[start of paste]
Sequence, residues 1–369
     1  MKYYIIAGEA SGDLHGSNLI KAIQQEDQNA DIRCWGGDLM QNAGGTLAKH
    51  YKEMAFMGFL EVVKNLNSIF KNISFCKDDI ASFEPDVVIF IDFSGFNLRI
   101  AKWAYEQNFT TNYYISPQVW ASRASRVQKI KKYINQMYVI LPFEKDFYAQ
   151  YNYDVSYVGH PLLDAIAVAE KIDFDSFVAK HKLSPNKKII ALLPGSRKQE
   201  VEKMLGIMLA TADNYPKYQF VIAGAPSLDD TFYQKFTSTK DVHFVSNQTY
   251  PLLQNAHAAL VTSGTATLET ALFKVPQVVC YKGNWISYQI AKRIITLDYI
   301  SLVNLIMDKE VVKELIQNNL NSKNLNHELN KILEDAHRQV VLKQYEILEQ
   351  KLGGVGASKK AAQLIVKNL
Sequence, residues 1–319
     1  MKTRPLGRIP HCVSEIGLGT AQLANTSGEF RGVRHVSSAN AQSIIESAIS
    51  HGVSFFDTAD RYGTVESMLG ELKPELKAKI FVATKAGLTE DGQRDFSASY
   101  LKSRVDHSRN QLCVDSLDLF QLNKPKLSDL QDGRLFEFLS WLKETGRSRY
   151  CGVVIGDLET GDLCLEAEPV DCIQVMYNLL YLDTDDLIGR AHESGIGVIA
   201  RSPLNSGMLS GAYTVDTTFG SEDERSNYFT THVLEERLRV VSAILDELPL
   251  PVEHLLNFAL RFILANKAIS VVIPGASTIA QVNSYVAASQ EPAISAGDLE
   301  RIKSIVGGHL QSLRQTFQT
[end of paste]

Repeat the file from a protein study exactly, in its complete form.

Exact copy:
Sequence, residues 1–369
     1  MKYYIIAGEA SGDLHGSNLI KAIQQEDQNA DIRCWGGDLM QNAGGTLAKH
    51  YKEMAFMGFL EVVKNLNSIF KNISFCKDDI ASFEPDVVIF IDFSGFNLRI
   101  AKWAYEQNFT TNYYISPQVW ASRASRVQKI KKYINQMYVI LPFEKDFYAQ
   151  YNYDVSYVGH PLLDAIAVAE KIDFDSFVAK HKLSPNKKII ALLPGSRKQE
   201  VEKMLGIMLA TADNYPKYQF VIAGAPSLDD TFYQKFTSTK DVHFVSNQTY
   251  PLLQNAHAAL VTSGTATLET ALFKVPQVVC YKGNWISYQI AKRIITLDYI
   301  SLVNLIMDKE VVKELIQNNL NSKNLNHELN KILEDAHRQV VLKQYEILEQ
   351  KLGGVGASKK AAQLIVKNL
Sequence, residues 1–319
     1  MKTRPLGRIP HCVSEIGLGT AQLANTSGEF RGVRHVSSAN AQSIIESAIS
    51  HGVSFFDTAD RYGTVESMLG ELKPELKAKI FVATKAGLTE DGQRDFSASY
   101  LKSRVDHSRN QLCVDSLDLF QLNKPKLSDL QDGRLFEFLS WLKETGRSRY
   151  CGVVIGDLET GDLCLEAEPV DCIQVMYNLL YLDTDDLIGR AHESGIGVIA
   201  RSPLNSGMLS GAYTVDTTFG SEDERSNYFT THVLEERLRV VSAILDELPL
   251  PVEHLLNFAL RFILANKAIS VVIPGASTIA QVNSYVAASQ EPAISAGDLE
   301  RIKSIVGGHL QSLRQTFQT